Monday, 10 February 2014

Frilly pinny...go retro!

I have no idea why, but I had an urge to make a frilly pinny. My daughter moved out to student digs while she is at uni and my son quickly moved into her newly vacated and still warm bedroom. Down came the home made gingham curtains and up went denim style. The fabric for her curtains came from IKEA a few years ago (well six actually, but it feels like last week) and I still like it. At the time I made the curtains, there was enough fabric over to make a table cloth and napkins too. This time I thought I could up-cycle to frilly pinny. Here is how it went....

The gingham fabric are the curtains and the black and white large daisy fabric is the duvet cover from my daughters old bedroom.

I did a quick sketch of how I want the pinny to look.

Then made a paper pattern for it. I like to draw the design of the pattern onto a large brown envelope, then use the envelope to store the pattern.

Carefully lay out the pattern onto the fabric and cut out the pieces.

 The design is reversible so I cut out one of everything in each of the fabrics.

The large daisy design had different coloured centres for the daisies. As the curtains are black, white and yellow, I was careful to cut out a large daisy with a yellow centre to stay in the colour theme.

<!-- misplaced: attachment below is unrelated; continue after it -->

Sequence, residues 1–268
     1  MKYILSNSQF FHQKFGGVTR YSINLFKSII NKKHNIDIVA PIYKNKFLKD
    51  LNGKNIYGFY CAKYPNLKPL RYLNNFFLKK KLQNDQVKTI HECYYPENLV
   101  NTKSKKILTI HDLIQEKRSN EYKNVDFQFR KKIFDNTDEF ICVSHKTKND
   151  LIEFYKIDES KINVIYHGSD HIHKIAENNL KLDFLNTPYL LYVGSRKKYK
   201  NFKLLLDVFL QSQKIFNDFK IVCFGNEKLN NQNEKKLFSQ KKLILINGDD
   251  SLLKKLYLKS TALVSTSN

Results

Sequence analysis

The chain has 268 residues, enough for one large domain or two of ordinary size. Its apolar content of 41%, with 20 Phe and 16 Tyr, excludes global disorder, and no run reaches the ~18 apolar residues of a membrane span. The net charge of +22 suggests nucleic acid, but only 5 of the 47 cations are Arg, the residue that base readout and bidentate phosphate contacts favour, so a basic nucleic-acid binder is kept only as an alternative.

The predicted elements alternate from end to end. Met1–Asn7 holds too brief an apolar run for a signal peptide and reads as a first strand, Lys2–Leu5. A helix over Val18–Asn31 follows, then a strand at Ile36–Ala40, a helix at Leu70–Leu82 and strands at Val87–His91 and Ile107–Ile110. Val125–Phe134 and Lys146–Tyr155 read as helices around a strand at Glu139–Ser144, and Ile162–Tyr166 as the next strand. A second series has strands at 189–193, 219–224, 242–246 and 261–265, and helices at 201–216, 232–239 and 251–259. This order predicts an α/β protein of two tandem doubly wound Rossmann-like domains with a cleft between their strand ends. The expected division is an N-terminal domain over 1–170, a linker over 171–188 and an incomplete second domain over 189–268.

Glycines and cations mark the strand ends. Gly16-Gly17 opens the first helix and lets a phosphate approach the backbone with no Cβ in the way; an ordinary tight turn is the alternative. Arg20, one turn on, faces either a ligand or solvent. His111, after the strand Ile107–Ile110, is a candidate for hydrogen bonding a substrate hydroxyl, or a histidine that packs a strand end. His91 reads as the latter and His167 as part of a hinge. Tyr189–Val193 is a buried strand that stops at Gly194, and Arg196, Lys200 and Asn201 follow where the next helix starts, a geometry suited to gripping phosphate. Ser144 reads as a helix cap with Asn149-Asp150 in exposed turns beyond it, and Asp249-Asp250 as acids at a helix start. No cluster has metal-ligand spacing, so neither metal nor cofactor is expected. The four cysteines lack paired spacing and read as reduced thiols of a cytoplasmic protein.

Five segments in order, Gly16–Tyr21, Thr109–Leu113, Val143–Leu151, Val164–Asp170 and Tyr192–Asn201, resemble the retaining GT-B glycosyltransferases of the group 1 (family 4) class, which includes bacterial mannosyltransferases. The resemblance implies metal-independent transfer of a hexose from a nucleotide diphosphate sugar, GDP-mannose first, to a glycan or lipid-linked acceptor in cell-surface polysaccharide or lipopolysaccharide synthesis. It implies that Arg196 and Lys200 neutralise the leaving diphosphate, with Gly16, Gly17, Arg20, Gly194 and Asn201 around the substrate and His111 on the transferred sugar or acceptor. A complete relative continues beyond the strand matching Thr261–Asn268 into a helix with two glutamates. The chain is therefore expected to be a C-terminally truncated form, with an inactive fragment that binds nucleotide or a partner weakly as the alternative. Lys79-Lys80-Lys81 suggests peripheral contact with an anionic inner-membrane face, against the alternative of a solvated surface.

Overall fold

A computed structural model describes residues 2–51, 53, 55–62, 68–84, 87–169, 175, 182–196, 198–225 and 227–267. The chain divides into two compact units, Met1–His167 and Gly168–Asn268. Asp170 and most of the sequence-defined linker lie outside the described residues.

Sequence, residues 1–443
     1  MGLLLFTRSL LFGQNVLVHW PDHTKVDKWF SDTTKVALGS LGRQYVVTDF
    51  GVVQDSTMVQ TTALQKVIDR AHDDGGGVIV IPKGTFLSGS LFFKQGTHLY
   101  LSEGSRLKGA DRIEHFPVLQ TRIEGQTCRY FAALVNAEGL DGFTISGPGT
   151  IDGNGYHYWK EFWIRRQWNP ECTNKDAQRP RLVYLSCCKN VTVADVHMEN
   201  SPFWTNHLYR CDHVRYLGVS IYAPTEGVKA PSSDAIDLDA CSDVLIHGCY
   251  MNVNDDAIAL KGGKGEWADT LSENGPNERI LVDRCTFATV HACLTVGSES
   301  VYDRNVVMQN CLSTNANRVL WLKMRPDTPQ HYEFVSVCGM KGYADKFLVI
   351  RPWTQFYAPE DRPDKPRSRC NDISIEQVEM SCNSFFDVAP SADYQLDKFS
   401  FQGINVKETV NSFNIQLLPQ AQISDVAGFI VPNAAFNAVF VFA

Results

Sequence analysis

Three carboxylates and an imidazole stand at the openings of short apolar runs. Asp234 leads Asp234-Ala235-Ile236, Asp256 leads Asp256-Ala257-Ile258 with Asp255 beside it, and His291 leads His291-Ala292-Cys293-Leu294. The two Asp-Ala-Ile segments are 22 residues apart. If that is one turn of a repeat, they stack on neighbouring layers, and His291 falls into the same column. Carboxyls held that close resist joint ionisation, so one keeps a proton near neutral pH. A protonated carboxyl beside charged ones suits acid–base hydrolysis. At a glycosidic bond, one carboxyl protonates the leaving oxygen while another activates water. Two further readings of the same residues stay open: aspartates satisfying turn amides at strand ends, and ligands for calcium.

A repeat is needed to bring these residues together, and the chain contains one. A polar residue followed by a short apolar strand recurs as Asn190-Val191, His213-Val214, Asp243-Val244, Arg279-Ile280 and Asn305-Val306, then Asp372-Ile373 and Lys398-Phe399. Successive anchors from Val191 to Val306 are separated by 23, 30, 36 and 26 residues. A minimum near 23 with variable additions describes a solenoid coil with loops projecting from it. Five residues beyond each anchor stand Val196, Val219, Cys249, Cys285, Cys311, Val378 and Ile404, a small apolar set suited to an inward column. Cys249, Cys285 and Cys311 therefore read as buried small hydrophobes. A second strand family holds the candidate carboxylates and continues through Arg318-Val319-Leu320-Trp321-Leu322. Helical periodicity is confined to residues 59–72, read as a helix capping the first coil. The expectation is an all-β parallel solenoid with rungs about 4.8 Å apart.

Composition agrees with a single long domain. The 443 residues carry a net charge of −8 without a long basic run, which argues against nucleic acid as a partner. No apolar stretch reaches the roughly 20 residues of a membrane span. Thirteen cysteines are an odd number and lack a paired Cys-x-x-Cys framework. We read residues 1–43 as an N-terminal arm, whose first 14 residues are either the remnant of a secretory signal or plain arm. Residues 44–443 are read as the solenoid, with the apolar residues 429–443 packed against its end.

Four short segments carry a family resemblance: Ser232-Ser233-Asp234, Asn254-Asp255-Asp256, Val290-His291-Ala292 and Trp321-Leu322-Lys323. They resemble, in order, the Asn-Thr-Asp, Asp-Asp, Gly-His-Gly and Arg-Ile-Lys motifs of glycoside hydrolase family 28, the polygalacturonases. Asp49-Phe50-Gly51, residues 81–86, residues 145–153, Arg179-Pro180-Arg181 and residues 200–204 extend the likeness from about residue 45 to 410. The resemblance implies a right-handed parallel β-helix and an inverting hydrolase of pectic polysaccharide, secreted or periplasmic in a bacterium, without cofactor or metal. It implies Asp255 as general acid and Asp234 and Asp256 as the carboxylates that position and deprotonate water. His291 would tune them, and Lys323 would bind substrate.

Once all the pieces are cut out, arrange them in a way that pleases you. I wanted to have elements of both fabrics on each side of the apron.

Press the seam allowance under for the pockets.
 After sewing the hem on the upper part of the pocket, place the pocket on to the apron having first marked the placement of the pocket with tailor tacks, then sew around the sides and bottom of the pocket being sure to sew a little triangle on each upper corner of the pockets to add a little extra strength.

Press each piece you have sewn to give a professional finish.

This next step is very straight forward. Sew the waist ties (wrong sides together, pull through to the right side and press) then sew on to the apron according to the markings on your pattern.

This is a fiddly bit - the neck loop. Press the frill for the neck loop in half and sew two rows of gathering stitch along the raw edges. Next, gather the frill by pulling the two rows of stitch at the same time having first secured one end of the stitches with a pin, then pin the frill to one of the neck loops.

You can just see in the picture above how I have wound the ends of the gathering threads around a pin to stop the gathers falling out.

Sew the frill onto one side of the neck loop. The trick here is to make sure you sew in between the rows of gathering stitches. This gives an even gather when you have finished and avoids pleats being created as opposed to gathers. 

After you have stitched the frill, carefully pull out the gathering stitches. Pull out from the thread that is face up. If you try to pull both the spool thread and the bobbin thread (the thread on the underside of the fabric) the threads will knot and you won't be able to pull them out in one easy step. Do ensure you pull them out though. Gathering threads that have been left in look scruffy and give the finished item an amateur finish. 
Pin the other half of the neck loop, right sides together to the frill and corresponding neck loop. Sew together.

With right sides out and pressed, pull the bottom loop raw edge over the top neck loop raw edge and pin to give a bound look.

Carefully sew along the inside edge.